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Looking at cheap, reasonable and expensive wide receiver scenarios for Redskins

Looking at cheap, reasonable and expensive wide receiver scenarios for Redskins

Most NFL teams usually carry at least six wide receivers, but going into the 2018 season, only Jamison Crowder, Josh Doctson, Maurice Harris and Robert Davis hold signed contracts with the Redskins.

That means Washington must consider adding receiver help via free agency, especially considering Harris and Davis rarely played in 2017. Terrelle Pryor and Ryan Grant both played with the Burgundy and Gold in 2017, and while Grant has a solid chance to return, it would seem Pryor will head elsewhere after a disappointing season in D.C. 

Like every year, a number of receivers will be available via free agency, but what guys make sense for Jay Gruden's team? Let's take a look at three different scenarios, knowing Washington likely needs to add at least one free agent wideout. 

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  • Expensive: Jags WR Allen Robinson - A second-round pick in 2014, Robinson posted a 1,400-yard season in 2015 and has shown the ability to be a true No. 1 wideout in the NFL. He's 6-foot-3 with speed and leaping ability. In 2016, his numbers dipped to less than 900 yards receiving, but that season the Jacksonville QB Blake Bortles struggled significantly. Here's the thing: Robinson blew out his knee in the NFL opener in 2017, and that might make his price tag drop a bit. Word is the former Penn State star should be fully cleared by early March from the injury, and just 24 years old, he will be intriguing. Washington showed they would spend for a wideout in 2017 with the Pryor signing, but they did so on a one-year deal. If Robinson finds the free agent market not as robust as he wants, maybe a similar short-term deal could be reached?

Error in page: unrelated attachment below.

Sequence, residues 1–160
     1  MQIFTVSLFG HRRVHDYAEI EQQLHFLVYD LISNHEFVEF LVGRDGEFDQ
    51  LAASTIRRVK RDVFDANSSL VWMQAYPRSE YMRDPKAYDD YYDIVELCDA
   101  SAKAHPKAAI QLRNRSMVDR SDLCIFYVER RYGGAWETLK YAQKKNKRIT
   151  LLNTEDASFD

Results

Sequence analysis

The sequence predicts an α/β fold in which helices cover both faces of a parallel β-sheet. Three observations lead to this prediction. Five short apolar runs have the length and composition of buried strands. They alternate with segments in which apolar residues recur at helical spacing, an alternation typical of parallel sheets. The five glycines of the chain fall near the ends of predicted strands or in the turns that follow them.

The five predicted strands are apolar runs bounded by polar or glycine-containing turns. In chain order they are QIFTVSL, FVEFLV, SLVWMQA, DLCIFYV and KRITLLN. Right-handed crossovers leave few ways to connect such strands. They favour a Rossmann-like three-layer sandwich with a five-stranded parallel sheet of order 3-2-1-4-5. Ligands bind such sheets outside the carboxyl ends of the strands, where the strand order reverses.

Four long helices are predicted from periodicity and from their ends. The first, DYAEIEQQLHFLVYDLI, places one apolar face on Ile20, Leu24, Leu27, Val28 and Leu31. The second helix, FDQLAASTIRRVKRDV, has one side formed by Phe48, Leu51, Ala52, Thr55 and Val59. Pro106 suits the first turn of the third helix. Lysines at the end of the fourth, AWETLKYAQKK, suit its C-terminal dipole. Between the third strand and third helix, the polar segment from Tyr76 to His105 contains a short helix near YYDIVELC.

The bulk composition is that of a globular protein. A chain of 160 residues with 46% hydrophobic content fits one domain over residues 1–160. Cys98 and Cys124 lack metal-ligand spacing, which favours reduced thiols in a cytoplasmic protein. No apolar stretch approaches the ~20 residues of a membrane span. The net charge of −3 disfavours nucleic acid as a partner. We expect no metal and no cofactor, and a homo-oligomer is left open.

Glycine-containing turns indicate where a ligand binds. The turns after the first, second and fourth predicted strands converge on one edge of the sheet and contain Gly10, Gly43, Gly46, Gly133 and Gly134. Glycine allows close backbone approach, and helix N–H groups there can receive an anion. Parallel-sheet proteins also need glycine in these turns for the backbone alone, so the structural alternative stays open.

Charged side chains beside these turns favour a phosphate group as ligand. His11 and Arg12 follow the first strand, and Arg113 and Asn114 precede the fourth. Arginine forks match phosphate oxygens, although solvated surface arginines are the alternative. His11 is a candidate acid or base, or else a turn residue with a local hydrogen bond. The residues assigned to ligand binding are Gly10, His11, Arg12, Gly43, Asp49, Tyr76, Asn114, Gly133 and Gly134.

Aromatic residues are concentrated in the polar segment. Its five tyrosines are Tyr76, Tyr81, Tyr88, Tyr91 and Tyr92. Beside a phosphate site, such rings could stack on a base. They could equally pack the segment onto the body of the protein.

• Reasonable: Colts WR Donte Moncrief - A third-round pick in 2014, Moncrief also had a big sophomore season in 2015. He grabbed 64 catches for 733 yards and six touchdowns. That was his only full 16-game season, as injuries have continued to be an issue for the 6-foot-2, 220 lbs. wideout out of Ole Miss. In 2016, only playing in nine games, he still contributed with seven touchdowns. In 2017, his numbers slipped big-time, and he posted less than 400 yards receiving in 12 games. Moncrief's problem isn't talent, it's health. That means he could be relatively cheap, and at just 24 years old, that contract might bring a strong return. 
  • Wild Card: Jets WR Eric Decker -  The Redskins have lacked a true veteran wideout since DeSean Jackson and Pierre Garçon left the team following the 2016 season. Decker will turn 31 in March and would give Washington a different presence in the WR meeting room. He posted two 1,000 yard seasons playing with Peyton Manning in Denver and went to the Super Bowl in 2013. In 2015, while teamed up with Ryan Fitzpatrick playing for the Jets, Decker again hit the 1,000-yard mark and hit the end zone 12 times. Throughout his career, Decker has been a solid red zone threat and has shown the ability to win on tough routes. He will need to take a big pay cut from the $4.5 million, one-year deal he signed in Tennessee in 2017, but that has to be expected considering his paltry production. In 16 games with the Titans, Decker logged 563 yards and only one TD. Decker might make sense, though the cost would need to be low.